Online-Only_Supplemental_Material_-_revised_-_clean.pdf (128.28 kB)

Effect of 6 months flash glucose monitoring in youth with type 1 diabetes and high-risk glycemic control – a randomized controlled trial

Download (128.28 kB)
figure
posted on 11.08.2020 by Sara E Boucher, Andrew R Gray, Esko J Wiltshire, Martin I de Bock, Barbara C Galland, Paul A Tomlinson, Jenny A Rayns, Karen E MacKenzie, Huan Chan, Shelley Rose, Benjamin J Wheeler
OBJECTIVE

To investigate whether intermittently scanned continuous glucose monitoring (isCGM) significantly improves glycemic control compared with capillary self-monitored blood glucose (SMBG) in youth with type 1 diabetes and high-risk glycemic control.

RESEARCH DESIGN AND METHODS

This multi-center 6-month randomized, controlled, parallel-arm trial included 64 participants aged 13 to 20 years with established Type 1 diabetes and glycated hemoglobin (HbA1c) ≥9% (≥75mmol/mol). Participants were allocated to 6-month intervention (isCGM, FreeStyle Libre, Abbott; n = 33) or control (SMBG; n = 31) using minimization. The primary outcome was the difference in change in HbA1c from baseline to 6 months.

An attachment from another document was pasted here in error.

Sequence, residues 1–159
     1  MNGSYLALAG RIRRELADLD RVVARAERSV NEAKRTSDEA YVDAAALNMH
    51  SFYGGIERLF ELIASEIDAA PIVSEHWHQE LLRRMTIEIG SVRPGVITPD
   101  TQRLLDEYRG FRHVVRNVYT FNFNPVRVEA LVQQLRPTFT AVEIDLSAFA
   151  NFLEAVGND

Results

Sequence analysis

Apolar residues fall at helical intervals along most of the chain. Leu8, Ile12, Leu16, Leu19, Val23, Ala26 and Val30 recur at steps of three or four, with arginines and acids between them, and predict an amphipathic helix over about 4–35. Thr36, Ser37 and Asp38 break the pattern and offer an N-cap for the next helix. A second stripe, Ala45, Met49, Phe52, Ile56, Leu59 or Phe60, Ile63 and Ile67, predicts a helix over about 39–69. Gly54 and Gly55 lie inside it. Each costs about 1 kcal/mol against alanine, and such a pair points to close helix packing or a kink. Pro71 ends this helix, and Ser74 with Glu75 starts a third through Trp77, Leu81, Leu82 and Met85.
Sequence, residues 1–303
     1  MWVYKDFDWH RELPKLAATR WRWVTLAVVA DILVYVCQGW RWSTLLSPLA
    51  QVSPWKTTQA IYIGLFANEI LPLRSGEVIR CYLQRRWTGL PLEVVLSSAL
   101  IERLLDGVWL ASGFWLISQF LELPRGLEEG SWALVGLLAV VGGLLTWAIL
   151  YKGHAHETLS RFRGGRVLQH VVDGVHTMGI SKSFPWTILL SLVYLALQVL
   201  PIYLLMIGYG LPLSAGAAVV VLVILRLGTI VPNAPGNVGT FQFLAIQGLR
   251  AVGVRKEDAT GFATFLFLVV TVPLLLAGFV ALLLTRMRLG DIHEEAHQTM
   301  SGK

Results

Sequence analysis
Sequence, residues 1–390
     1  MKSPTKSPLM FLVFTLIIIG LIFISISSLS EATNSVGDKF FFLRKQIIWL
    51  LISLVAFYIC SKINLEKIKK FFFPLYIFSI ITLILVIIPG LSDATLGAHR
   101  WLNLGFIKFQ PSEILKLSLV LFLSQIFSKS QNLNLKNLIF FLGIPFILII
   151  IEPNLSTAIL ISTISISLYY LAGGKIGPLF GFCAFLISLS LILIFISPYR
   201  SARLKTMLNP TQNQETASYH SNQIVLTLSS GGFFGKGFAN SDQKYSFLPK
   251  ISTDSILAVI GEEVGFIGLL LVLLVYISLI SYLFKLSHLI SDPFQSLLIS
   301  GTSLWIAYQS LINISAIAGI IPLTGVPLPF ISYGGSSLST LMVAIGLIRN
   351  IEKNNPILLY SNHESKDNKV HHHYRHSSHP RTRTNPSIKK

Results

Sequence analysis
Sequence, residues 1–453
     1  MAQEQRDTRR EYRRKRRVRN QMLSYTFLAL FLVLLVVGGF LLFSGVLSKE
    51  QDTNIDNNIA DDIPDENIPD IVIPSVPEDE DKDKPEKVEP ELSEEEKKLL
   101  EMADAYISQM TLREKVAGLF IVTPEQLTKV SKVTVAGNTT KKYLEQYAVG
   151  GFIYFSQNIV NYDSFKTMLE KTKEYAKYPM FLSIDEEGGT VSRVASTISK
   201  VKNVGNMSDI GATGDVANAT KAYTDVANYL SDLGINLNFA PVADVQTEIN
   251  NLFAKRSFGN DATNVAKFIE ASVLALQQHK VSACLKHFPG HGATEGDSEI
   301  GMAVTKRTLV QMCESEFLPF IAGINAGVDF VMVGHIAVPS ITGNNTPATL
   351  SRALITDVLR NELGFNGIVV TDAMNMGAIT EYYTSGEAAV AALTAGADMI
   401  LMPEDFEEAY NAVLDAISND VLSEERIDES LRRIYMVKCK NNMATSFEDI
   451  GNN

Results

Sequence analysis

RESULTS

There was no evidence of a difference between groups for changes in HbA1c at 6 months (adjusted mean 0.2% greater improvement for isCGM, 95% CI -0.9% to 0.5% [-2.1 mmol/mol, 95% CI -9.6 to 5.4], p = 0.576). However, glucose monitoring frequency was 2.83 (95% CI 1.72 to 4.65, p < 0.001) times higher in the isCGM group compared to that in the SMBG group at 6 months. The change in the Diabetes Treatment Satisfaction Questionnaire mean item score also favored isCGM at 6 months (p=0.048), with no significant differences between groups for fear of hypoglycemia and quality of life (both general and diabetes-specific) all p>0.1.

CONCLUSIONS

For youth with high-risk glycemic control, isCGM led to improvements in glucose testing frequency and diabetes treatment satisfaction. However, these did not translate to greater improvement in glycemic control over usual care with SMBG at 6 months.

Funding

Funding was provided by Cure Kids Grant 3582, the Department of Women’s and Children’s Health Research Committee, and the Dunedin School of Medicine, University of Otago.

History

Exports